Russo, Salvatore (2010) Measurement and Simulation of Electrothermal Effects in Solid-State Devices for RF Applications. [Tesi di dottorato] (Unpublished)


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Item Type: Tesi di dottorato
Uncontrolled Keywords: Electrothermal effects, bipolar transistors, thermal effects, thermal resistance, thermal impedance, silicon-on-glass, thermal networks, self-heating, safe operating area
Date Deposited: 13 Dec 2010 10:40
Last Modified: 30 Apr 2014 19:45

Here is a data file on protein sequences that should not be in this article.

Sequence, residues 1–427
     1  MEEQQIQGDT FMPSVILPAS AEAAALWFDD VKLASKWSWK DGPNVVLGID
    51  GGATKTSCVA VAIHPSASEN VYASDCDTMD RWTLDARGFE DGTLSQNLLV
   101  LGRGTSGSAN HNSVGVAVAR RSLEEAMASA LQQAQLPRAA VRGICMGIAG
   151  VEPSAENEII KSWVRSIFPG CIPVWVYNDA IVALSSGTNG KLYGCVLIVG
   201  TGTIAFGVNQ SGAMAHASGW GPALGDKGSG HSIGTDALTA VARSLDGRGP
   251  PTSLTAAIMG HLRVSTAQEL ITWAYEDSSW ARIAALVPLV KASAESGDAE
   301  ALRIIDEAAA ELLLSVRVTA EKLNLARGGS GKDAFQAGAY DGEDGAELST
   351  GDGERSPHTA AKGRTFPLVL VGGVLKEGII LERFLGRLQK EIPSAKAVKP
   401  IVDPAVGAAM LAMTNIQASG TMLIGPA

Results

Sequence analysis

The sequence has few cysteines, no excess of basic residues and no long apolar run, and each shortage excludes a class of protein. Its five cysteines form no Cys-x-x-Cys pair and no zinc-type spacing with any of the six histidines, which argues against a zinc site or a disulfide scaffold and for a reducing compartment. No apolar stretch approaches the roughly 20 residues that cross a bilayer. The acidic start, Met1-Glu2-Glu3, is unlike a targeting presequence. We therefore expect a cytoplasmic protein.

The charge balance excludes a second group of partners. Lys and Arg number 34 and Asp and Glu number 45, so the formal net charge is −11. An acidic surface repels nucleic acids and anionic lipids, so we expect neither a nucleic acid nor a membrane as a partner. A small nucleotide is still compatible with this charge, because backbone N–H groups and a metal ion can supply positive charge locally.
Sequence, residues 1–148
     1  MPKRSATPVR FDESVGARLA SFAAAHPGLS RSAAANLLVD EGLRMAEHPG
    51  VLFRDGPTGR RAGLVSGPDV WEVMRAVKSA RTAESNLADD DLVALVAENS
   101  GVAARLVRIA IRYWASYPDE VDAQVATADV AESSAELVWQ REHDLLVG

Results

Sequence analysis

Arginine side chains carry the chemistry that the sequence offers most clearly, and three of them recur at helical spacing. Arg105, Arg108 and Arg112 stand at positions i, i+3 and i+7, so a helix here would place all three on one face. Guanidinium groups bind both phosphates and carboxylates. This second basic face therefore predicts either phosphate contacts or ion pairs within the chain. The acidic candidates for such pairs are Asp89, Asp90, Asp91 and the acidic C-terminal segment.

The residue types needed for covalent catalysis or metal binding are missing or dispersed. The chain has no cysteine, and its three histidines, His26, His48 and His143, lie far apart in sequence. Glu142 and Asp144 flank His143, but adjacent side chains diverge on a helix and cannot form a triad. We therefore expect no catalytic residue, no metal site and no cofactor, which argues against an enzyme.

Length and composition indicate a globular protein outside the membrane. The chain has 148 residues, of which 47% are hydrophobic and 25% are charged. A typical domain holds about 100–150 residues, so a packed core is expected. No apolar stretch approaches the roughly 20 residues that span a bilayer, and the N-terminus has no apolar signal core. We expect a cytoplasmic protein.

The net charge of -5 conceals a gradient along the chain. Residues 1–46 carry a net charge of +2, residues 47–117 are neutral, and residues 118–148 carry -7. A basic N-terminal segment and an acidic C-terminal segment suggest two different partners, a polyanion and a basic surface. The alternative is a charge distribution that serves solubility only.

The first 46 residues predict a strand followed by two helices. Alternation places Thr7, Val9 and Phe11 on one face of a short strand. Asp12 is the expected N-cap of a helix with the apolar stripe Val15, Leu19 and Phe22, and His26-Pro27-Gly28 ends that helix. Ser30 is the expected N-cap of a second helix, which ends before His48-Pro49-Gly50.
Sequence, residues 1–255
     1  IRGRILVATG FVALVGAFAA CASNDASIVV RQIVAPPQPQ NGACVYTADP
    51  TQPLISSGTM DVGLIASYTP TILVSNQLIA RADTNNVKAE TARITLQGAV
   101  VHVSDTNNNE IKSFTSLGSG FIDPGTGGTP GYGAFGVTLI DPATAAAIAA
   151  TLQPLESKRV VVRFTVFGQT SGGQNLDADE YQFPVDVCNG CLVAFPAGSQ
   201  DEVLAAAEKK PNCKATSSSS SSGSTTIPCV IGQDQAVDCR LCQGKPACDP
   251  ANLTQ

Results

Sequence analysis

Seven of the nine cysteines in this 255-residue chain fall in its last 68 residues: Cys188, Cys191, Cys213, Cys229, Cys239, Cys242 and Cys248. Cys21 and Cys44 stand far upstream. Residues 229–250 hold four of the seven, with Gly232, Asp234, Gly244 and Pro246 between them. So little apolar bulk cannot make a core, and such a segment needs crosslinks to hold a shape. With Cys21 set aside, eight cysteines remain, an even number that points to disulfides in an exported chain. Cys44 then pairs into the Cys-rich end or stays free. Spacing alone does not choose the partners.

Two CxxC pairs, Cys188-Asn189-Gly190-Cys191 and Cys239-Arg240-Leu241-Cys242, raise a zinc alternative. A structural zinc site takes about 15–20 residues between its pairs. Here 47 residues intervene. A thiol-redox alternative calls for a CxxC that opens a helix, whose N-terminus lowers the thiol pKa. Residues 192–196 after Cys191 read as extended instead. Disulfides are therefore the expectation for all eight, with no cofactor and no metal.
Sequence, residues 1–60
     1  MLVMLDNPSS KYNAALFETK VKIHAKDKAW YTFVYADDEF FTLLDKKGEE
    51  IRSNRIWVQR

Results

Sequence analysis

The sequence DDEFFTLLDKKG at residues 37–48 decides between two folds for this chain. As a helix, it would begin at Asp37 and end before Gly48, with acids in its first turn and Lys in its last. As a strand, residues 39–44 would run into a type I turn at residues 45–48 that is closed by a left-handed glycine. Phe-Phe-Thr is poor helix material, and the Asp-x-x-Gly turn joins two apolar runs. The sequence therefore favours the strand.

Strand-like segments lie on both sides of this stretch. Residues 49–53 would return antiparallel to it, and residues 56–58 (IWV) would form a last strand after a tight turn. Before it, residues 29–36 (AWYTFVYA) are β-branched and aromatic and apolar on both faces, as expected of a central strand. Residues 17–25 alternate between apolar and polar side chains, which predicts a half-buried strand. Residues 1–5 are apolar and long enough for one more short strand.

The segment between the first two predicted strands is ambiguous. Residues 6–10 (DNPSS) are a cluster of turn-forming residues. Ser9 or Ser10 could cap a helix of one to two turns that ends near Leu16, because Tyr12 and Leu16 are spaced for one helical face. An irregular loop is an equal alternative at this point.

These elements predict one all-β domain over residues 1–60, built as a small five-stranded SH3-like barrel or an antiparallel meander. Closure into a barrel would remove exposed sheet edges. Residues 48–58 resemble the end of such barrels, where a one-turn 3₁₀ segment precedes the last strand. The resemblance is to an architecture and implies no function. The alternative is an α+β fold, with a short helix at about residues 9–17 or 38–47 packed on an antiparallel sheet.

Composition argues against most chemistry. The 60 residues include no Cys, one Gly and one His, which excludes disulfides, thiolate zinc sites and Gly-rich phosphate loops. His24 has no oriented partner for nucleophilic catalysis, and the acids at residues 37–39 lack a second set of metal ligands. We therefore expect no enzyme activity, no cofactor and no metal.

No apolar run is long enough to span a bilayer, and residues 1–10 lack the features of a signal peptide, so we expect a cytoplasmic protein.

The past decades have seen an unmatched advancement of semiconductor industry. The constant need to improve the performances of solid-state devices has driven the research toward the study and fabrication of faster devices/circuits. Nevertheless, the demand for reduced parasitics necessary to guarantee improved (with respect to previous generation devices) performances has forced researchers to adopt increasingly aggressive isolation schemes (i.e., silicon-on-glass technology). The major drawback of aggressive isolation schemes is connected to the fact that most of the good electrical insulators are also characterized by a low thermal conductivity that can deteriorate the thermal path and may impose a limit on the current density for high speed devices. Thermal problems can also arise because of the particular semiconductor material used. During the past years there was a rapid ascent in the use of innovative materials like III-V compound semiconductors (like GaAs, InP, GaN etc...). These materials have been introduced to replace silicon because of the better performances from an electrical point of view. However, they often present worse thermal properties; GaAs, for example, has a thermal conductivity equal to a third of that of silicon. Moreover, the continuous request of integrating even more features in a single chip and the consequent miniaturization of the single device (an aggressive scaling) contribute to the power density increase. Nowadays, the power density of a commercial processor is comparable to the one of a nuclear reactor. Modern - even low-power - electronic devices/circuit can suffer from electrothermal effects at the point that these can hamper the reliability and performances. In this thesis, an approach to the analysis of solid-state devices ranging from simulations to measurements has been proposed with the aim to optimize thermal behavior at device level. For this purpose an advanced software has been conceived to automatically run detailed 3-D FEM simulations using layout and technology data. This software can be extensively used to deepen the comprehension of thermal issues in solid-state devices and to understand the influence of the main technology and layout parameters on devices/circuits electrothermal behavior. In particular, is has been successfully applied to analyze a large variety of technologies, namely, SOG BJTs, GaAs HBTs, GaN HEMTs, SiGe HBTs, and UTCS technology devices, thus favoring the definition of useful guide-lines to improve their thermal management. Moreover,an effective equivalent network identification tool has been developed to extract network data from thermal transients with modeling and analysis purposes. A novel compact thermal model has been proposed in order to reduce the simulation complexity still maintaining a good level of accuracy has been successfully demonstrated. Furthermore, a novel thermal resistance DC measurement technique has been proposed, which enables and accurate evaluation of thermal resistance of bipolar junction transistors regardless of the presence of Early effect. An electrothermal tool has been developed, which is based on the improvement of commercial circuit simulators. All the relevant physical effects, as well as self-heating and thermal coupling mechanisms are included, so as to guarantee an accurate prediction of the safe operating area borders of the analyzed devices. As a result, the tool can be successfully employed to support the design stage so as to improve the thermal ruggedness of the transistors of interest.

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